Background: Hyperadrogenemia is one of the most commonly encountered endocrine disorders in reproductive-aged women. By far the most common causes of androgen excess are functional which account for more than 90% of cases. Androgen and ovarian tumours producing excess androgen are however very rare and only account for about 0.2% of cases.
Case history: A 62-year-old lady admitted to hospital with pneumonia was found to have an ill defined, firm, non-tender right upper quadrant mass, extensive hirsutism involving the face, lower abdomen and extremities, male pattern baldness, facial plethora and proximal myopathy. Initial investigation with ultrasound of the abdomen confirmed the presence of a 21 cm diffuse mass infiltrating the right kidney. A clinical diagnosis of androgen and cortisol secreting adrenocortical cancer was made and further investigation of full adrenal hormonal profile and CT scan imaging was arranged.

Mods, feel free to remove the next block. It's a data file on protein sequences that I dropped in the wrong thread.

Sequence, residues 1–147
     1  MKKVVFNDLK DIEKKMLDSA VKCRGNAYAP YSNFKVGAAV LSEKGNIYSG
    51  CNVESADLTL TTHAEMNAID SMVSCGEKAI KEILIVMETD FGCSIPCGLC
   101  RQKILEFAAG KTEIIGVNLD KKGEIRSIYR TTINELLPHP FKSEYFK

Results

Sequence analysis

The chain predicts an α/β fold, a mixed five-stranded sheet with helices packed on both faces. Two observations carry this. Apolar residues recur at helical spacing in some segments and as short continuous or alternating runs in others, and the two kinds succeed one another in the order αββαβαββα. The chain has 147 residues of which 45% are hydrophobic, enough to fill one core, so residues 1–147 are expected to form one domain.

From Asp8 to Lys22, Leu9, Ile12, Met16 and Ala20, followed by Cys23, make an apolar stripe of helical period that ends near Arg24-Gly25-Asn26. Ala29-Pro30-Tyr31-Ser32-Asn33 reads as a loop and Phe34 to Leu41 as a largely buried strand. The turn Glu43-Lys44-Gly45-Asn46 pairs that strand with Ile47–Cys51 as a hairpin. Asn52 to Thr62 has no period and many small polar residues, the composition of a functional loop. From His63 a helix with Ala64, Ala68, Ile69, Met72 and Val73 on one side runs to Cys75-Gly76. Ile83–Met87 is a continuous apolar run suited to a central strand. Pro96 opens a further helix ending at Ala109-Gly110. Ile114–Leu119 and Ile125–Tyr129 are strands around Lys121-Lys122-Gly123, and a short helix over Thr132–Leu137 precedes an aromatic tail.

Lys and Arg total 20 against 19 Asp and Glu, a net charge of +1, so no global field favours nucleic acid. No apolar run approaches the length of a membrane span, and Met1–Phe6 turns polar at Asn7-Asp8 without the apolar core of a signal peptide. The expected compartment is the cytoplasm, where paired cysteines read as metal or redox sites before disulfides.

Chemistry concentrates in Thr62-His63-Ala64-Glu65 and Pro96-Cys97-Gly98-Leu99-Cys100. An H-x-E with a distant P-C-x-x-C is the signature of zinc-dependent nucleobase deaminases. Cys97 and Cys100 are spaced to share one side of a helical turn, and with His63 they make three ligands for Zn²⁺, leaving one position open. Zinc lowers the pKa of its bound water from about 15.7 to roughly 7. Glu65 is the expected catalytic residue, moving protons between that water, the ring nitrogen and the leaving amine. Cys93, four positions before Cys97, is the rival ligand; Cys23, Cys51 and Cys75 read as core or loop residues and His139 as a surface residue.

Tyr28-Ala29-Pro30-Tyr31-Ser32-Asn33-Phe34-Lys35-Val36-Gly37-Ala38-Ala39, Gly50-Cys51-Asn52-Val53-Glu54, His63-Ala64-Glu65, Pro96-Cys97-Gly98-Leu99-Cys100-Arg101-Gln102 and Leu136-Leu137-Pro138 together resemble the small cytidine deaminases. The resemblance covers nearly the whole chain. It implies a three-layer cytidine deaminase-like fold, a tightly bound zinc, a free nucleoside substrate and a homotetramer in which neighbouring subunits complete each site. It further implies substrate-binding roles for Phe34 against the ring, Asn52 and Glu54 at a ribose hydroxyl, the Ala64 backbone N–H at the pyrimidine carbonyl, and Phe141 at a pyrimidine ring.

Her hormonal profile confirmed a high testosterone level of 52 nmol/l (normal <2.4 nmol/l) and androstendione of 35 nmol/l (normal 111.5 nmol/l) but normal DHEAS level. She also had raised 24 h urinary free cortisol level of 479 nmol/24 h (normal <280 nmol/24 h) and failed to suppress morning serum cortisol level following 1 mg. overnight dexamethasone suppression test (0900 h cortisol of 1369 nmol/l, normal <50 nmol/l). Her plasma metanephrine levels were within normal range. A CT scan of the abdomen confirmed the presence of a 24×15×14 cm heterogeneous suprarenal mass infiltrating the kidney along with evidence of liver and pulmonary metastasis and tumour thrombus in the inferior vena. An ultrasound guided biopsy of the mass confirmed the diagnosis of adrenocortical carcinoma.
Conclusion: Although hirsutism is commonly related to functional (non-tumour) causes, the presence of rapidly progressive and extensive hirsutism should alert physicians to undertake basic hormonal and imaging investigations to facilitate early diagnosis of malignant adrenal and ovarian androgen secreting tumours.